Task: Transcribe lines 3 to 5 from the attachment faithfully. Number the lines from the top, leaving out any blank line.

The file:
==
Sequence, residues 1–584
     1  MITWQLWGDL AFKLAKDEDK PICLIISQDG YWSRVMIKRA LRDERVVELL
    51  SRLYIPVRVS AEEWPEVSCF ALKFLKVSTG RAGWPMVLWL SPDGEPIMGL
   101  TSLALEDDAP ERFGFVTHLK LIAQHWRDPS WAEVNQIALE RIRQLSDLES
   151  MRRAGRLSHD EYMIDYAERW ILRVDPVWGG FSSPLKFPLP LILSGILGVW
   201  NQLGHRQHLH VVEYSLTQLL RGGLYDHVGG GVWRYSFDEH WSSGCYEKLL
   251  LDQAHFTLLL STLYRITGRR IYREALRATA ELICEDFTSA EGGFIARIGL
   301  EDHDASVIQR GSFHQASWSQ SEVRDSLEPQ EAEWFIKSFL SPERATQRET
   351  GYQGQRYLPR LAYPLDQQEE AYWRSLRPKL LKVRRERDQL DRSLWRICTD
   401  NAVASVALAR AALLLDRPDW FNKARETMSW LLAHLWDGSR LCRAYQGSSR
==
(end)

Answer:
    51  SRLYIPVRVS AEEWPEVSCF ALKFLKVSTG RAGWPMVLWL SPDGEPIMGL
   101  TSLALEDDAP ERFGFVTHLK LIAQHWRDPS WAEVNQIALE RIRQLSDLES
   151  MRRAGRLSHD EYMIDYAERW ILRVDPVWGG FSSPLKFPLP LILSGILGVW